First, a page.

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Despite promises from the Obama Administration that it would hold financial services executives responsible for the circumstances leading up to the 2008 economic meltdown, the Federal Housing Finance Agency (FHFA), working on an investigation at the request of the U.S. Department of Justice (DOJ), has decided not to pursue criminal charges against anyone Citigroup Inc. for the company’s in the securitization of problematic mortgage-backed securities (MBS) during 2006 and 2007.
According to a Reuters report that required a Freedom of Information Act (FOIA) request to obtain a previously unpublicized from last November, the FHFA’s Office of Inspector General claimed that "there was not enough compelling evidence" to warrant a criminal indictment against Citigroup executives or employees. The FHFA report only runs two pages and does not identify any potential target of a criminal probe.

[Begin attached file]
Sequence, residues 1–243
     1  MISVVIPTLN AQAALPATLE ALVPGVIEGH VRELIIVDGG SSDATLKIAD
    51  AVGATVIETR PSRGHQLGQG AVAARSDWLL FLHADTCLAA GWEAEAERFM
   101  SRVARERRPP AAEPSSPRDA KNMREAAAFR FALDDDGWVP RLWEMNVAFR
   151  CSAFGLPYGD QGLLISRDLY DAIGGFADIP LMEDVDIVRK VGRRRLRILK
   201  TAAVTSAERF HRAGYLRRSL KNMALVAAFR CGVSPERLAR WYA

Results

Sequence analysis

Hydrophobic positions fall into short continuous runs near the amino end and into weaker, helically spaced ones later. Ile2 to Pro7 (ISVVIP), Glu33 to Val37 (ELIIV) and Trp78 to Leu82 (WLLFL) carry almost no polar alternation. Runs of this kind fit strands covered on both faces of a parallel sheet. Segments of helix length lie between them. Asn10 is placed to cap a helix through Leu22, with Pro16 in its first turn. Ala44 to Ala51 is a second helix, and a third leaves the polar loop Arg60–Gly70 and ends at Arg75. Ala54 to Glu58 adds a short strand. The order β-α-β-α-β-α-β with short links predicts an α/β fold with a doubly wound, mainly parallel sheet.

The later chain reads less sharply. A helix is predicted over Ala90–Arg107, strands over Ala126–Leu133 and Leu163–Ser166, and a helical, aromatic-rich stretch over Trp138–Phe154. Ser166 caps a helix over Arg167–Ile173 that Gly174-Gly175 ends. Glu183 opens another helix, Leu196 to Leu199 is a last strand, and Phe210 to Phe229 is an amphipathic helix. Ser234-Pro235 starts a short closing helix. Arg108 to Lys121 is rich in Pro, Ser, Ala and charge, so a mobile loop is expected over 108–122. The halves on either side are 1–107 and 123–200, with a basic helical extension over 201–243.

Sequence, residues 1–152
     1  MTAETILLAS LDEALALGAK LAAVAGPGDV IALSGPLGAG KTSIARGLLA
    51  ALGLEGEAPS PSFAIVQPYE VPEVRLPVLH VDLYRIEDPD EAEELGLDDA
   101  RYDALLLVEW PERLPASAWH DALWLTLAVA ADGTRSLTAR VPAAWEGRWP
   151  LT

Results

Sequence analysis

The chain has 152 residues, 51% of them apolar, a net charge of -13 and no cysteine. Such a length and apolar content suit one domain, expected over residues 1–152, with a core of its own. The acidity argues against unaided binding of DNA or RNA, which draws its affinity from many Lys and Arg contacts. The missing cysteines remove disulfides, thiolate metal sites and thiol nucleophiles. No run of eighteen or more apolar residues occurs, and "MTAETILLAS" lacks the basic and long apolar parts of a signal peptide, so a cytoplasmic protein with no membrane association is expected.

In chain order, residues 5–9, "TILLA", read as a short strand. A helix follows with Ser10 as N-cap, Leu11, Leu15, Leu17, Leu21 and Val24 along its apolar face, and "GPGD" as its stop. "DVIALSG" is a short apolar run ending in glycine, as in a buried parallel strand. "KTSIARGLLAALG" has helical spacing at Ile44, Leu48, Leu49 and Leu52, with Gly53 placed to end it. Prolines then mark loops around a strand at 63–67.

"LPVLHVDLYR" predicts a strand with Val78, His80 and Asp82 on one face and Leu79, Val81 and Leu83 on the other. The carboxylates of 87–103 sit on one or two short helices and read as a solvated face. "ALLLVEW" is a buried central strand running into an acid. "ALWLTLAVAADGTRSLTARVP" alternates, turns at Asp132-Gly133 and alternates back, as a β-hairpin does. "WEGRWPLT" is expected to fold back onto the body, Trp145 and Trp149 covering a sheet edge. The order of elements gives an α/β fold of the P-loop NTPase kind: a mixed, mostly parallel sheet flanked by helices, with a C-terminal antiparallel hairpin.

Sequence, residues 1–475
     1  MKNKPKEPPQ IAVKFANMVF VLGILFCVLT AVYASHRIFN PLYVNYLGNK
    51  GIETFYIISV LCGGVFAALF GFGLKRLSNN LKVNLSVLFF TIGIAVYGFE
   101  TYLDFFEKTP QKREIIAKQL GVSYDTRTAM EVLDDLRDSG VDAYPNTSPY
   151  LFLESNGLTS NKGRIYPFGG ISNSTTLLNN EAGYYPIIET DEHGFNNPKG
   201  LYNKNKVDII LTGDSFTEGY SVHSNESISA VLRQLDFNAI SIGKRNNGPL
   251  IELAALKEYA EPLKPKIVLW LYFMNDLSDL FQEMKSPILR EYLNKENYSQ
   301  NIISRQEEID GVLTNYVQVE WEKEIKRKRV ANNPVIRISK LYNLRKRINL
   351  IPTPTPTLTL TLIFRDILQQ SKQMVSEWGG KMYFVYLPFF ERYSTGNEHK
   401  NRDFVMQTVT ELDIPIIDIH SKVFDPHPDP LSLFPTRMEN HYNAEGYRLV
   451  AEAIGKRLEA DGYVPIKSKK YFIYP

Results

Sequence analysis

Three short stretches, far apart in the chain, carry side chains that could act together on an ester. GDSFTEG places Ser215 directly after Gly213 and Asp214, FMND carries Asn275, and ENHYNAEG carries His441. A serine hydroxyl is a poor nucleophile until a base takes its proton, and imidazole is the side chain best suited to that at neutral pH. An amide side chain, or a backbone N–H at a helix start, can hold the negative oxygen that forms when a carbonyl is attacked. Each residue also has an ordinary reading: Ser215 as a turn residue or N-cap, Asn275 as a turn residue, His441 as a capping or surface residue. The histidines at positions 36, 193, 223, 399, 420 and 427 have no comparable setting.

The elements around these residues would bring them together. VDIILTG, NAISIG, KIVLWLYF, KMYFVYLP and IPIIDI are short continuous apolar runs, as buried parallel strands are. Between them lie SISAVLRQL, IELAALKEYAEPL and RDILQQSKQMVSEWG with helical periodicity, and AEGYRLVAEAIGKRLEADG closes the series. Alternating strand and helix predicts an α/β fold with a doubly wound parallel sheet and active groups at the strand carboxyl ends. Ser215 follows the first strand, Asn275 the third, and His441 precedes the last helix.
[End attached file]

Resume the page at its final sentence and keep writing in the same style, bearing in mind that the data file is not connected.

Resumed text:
Although the FHFA is not part of the Executive Branch, its refusal to pursue criminal charges contradicts a September 2015 policy statement from the DOJ that the federal government will pursue a new policy that "emphasizes the priority in any corporate case of holding individual wrongdoers accountable." To date, no Wall Street chieftain has ever faced criminal indictment in connection to the 2008 crash. In 2014, Citigroup agreed to a $7 billion settlement with the federal government and state agencies, but without any explicit acknowledgement of criminal wrongdoing.